First, we consider the extent of appellant's diligence in his [or her] efforts to ready his [or her] defense prior to the date set for hearing. Second, we consider how likely it is that the need for a continuance could have been met if the continuance had been granted. Third, we consider the extent to which granting the continuance would have inconvenienced the court and the opposing party, including its witnesses. Finally, we consider the extent to which the appellant might have suffered harm as a result of the district court's denial. Id. at 671.

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Based upon these factors, the district court did not abuse its discretion in denying a continuance. In any event, as the district court held, the continuance issue is insignificant because defendant breached the unambiguous settlement agreement.


The district court correctly determined that there was no genuine issue of material fact. Mercantile Bank & Trust Co. v. Fidelity & Deposit Co., 750 F.2d 838, 841 (11th Cir.1985). There is no ambiguity in the agreement concerning the defendant's options once the plaintiff obtained an appraisal. Either the defendant could pay the excess amount according to the method outlined in the agreement or get a second appraisal from another duly certified, independent MAI appraiser. Defendant, however, chose to do nothing, and this is not an option in the agreement. As is noted in the district court opinion, if the defendant desired this option, he should have included it in the agreement. He failed to do so, and is therefore bound by the terms of the agreement which he signed.


The defendant contends that he should have been allowed to introduce parol evidence to establish the agreement contained a latent ambiguity. This of course, would create an issue of material fact that would make summary judgment improper.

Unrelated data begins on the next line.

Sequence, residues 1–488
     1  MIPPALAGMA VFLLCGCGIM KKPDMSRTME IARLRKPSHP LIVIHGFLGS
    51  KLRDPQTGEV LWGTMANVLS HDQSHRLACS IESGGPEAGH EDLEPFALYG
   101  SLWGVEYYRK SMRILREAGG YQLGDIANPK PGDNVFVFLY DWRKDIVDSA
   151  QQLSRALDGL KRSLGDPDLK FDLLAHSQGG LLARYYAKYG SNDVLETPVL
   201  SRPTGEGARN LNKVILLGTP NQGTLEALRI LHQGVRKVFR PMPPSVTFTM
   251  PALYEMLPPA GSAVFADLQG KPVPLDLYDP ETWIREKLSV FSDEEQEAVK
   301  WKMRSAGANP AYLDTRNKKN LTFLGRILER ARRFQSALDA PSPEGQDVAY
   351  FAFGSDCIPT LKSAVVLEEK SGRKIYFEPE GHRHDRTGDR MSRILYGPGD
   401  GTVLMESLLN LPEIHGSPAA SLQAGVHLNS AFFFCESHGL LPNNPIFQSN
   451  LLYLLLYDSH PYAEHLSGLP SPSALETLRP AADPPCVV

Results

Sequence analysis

The general rule is the introduction of parol or extrinsic evidence to aid in the interpretation of a contract is prohibited, unless the contract is ambiguous. Uransky v. First Federal Savings & Loan Association of Fort Myers, 684 F.2d 750 (11th Cir.1982).


A latent ambiguity exists where a document is rendered ambiguous by some collateral matter. Under such circumstances the trial court is obligated to consider parol evidence to determine whether the contract is ambiguous. See Cathbake Investment Co. v. Fisk Electric Co., 700 F.2d 654 (11th Cir.1983); Landis v. Mears, 329 So.2d 323 (Fla.1976).


This principle is not applicable here because the parties' rights and obligations are clearly stated in the settlement agreement, and there is no ambiguity that would warrant the introduction of parol evidence. As the district court stated, the plain language must control where there is no ambiguity, and this Court will not rewrite the agreement to make it more favorable to the defendant than the agreement he signed. Southern Crane Rentals, Inc. v. City of Gainesville, 429 So.2d 771 (Fla. 1st DCA 1983); Jacobs v. Petrino, 351 So.2d 1036 (Fla. 4th DCA 1976), cert. denied, 349 So.2d 1231 (Fla.1977).


Defendant next contends the district court erred in granting plaintiff's summary judgment because the agreement contained an implied term that the appraisal submitted by plaintiff would meet MAI standards. There was no such implied term. The agreement was clear that plaintiff was obligated only to submit an appraisal prepared by a duly certified and independent MAI appraiser. Plaintiff fulfilled this obligation.


Absent some showing of fraud or bad faith, there is no basis for an attack on that appraisal except through the procedure set forth for providing an appraisal by a different appraiser.


Even if the term were implied, there is nothing in this record to show the appraiser retained by plaintiff failed to exercise the requisite skill and care required of an MAI appraiser. Manufacturers Casualty Insurance Co. v. Intrusion Prepakt, Inc., 264 F.2d 758 (5th Cir.1959).


Finally, the defendant contends the district court erred when it denied defendant's Motion to Alter or Amend Judgment under Fed.R.Civ.P. 59(e). Defendant submitted an affidavit which raised the issue whether defendant was required to strictly comply with the timetable set forth in the agreement. The district court did not abuse its discretion in denying the defendant's motion where the defendant raised the issue for the first time after entry of summary judgment. See American Home Assurance Co. v. Glenn Estess & Associates, Inc., 763 F.2d 1237, 1239 (11th Cir.1985).




Honorable Virgil Pittman, Senior U.S. District Judge for the Southern District of Alabama, sitting by designation